A potted history of parkour


Parkour is the non-competitive physical discipline of training to move freely over and through any terrain using only the abilities of the body, principally through running, jumping, climbing and quadrupedal movement. In practice it focuses on developing the fundamental attributes required for such movement, which include functional strength and fitness, balance, spatial awareness, agility, coordination, precision, control and creative vision.

The word comes from the French 'parcours', which literally means, 'the way through', or 'the path'. What we now all know as 'Parkour' with a 'k' had its origins in a training program for French Special Forces known as 'Parcours du combattant', or 'The Path of the Warrior'. It was Frenchman David Belle, son of a Parcours Warrior and the 'inventor' of Parkour, who changed the 'c' to a 'k' and, formed the Yamakazi group.

According to the strictest definition, Parkour is the act of moving from point 'a' to point 'b' using the obstacles in your path to increase your efficiency.  A basic repertoire of moves developed over the years, like the 'tic-tac', the 'kong vault' and the 'gap jump' that make Parkour immediately recognizable to most people who see it, though it hasn’t been codified or formalised in to a sport.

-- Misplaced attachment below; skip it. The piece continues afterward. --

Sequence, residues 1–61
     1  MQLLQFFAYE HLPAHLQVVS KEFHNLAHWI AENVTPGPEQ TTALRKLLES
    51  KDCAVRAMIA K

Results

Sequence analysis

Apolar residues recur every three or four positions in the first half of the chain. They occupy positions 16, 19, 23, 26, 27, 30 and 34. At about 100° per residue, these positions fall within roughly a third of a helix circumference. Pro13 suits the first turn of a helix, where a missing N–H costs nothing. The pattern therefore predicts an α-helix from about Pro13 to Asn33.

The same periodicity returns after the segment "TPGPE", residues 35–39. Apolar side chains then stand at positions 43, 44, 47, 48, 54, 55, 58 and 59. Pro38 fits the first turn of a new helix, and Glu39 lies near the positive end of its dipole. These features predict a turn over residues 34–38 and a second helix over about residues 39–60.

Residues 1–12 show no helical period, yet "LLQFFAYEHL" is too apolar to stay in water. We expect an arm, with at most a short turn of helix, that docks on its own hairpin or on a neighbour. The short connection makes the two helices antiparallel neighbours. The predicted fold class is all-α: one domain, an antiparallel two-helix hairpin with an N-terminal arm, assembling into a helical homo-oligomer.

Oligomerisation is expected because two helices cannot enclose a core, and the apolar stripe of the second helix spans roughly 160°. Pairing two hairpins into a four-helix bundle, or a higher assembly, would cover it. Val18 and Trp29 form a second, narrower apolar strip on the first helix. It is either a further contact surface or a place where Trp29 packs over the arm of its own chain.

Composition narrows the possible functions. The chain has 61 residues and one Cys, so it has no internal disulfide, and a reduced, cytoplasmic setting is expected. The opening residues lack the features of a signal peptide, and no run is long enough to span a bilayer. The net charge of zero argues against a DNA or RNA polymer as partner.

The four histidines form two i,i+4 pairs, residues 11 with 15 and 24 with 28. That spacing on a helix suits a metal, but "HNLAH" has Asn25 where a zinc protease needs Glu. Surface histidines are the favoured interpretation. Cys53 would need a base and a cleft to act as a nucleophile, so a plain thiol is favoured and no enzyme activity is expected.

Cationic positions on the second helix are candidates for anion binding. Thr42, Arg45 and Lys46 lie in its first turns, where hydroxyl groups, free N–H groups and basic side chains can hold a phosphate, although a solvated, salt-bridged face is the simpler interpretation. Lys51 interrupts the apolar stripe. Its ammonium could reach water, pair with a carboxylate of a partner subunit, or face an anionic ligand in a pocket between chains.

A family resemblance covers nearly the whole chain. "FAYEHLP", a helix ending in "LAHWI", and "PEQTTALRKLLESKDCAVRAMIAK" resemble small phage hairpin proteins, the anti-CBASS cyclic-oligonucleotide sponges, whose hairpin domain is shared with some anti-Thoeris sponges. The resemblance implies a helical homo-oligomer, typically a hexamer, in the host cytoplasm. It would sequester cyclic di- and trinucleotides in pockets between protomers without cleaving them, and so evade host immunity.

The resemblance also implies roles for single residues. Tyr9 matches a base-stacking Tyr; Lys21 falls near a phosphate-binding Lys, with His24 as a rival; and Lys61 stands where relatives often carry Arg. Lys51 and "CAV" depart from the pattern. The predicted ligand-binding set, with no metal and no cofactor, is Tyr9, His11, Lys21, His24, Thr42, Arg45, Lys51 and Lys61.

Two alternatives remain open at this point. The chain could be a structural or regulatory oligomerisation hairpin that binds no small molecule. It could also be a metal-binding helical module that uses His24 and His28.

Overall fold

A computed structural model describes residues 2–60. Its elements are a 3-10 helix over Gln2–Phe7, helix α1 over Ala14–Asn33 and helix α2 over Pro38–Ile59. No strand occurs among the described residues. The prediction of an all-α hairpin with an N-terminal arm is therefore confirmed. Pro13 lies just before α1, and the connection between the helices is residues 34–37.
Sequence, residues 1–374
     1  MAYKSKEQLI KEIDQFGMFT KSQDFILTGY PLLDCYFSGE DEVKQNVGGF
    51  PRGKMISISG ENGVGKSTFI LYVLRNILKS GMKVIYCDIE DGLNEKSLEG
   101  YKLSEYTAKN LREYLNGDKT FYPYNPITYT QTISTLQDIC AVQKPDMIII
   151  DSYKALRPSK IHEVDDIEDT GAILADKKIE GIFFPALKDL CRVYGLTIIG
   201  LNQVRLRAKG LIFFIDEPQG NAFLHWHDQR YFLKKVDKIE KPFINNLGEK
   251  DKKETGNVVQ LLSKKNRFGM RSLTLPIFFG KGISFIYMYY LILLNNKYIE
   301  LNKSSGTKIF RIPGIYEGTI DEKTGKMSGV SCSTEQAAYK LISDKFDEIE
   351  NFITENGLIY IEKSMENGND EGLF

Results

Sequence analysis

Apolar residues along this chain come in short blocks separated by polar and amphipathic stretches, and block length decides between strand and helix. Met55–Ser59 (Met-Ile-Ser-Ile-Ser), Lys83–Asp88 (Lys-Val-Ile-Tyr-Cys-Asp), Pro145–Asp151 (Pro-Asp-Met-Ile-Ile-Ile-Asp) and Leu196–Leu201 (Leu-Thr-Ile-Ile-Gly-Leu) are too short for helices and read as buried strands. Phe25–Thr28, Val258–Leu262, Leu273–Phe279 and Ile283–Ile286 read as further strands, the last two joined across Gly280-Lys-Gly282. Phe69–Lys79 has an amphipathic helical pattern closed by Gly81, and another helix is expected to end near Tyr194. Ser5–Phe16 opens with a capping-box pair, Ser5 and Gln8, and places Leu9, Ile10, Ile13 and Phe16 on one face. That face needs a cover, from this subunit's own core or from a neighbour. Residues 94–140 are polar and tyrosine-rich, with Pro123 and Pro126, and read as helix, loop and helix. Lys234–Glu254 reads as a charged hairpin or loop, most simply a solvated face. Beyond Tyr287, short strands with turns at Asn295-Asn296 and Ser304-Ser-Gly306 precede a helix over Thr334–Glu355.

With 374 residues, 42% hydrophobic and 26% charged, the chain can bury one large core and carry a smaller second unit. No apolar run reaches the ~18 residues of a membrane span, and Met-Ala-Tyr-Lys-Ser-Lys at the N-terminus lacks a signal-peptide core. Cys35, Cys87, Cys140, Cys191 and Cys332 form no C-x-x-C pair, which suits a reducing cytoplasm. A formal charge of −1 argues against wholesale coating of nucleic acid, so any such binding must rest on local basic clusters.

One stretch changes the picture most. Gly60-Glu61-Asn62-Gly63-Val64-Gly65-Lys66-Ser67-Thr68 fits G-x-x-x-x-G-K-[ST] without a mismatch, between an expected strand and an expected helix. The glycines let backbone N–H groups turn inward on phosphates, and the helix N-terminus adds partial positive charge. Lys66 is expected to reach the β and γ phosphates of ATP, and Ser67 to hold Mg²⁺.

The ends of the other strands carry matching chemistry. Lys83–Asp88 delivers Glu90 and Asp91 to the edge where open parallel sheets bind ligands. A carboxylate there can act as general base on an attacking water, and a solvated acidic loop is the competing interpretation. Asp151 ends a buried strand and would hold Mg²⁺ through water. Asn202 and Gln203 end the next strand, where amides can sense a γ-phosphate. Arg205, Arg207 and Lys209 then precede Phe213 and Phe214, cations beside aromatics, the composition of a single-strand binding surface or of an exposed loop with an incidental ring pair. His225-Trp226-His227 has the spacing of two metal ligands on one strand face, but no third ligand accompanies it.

The practice evolved from a strictly efficient system to incorporating other moves that looked good, such as flips, handstands and spins. Sebastien pursued this path and David Belle stuck with the purely efficient style and two different practices began developing side by side.

For a long time, people argued about the differences between Parkour and Freerunning but the new generation of practitioners who were inspired by YouTube added to the fledgling discipline with their own take on it, some in urban environments, some in nature.

Should there be competitions and should it be recognised as an official sport?
These are ongoing questions and time will tell how the practice evolves.

Parkour, fundamentally, is a philosophy, and a way a life. It’s a way of looking at any environment and believing in your heart that there is no obstacle in life that cannot be overcome. Everyone is a unique individual, so no two people will come up with the exact same solution, but there is a 'way through' for us all; the only way out is through.

It encourages self-improvement on all levels, revealing one’s physical and mental limits while simultaneously offering ways to overcome them. It is a method of training one’s body and mind in order to be as completely functional, effective and liberated as possible in any environment. The practice aims to build confidence, determination, self-discipline and self-reliance, and responsibility for one’s actions. It encourages humility, respect for others and for one’s environment, self-expression, community spirit, and the importance of play, discovery and safety at all times.

- F

Do or not do; there is no try
— yODA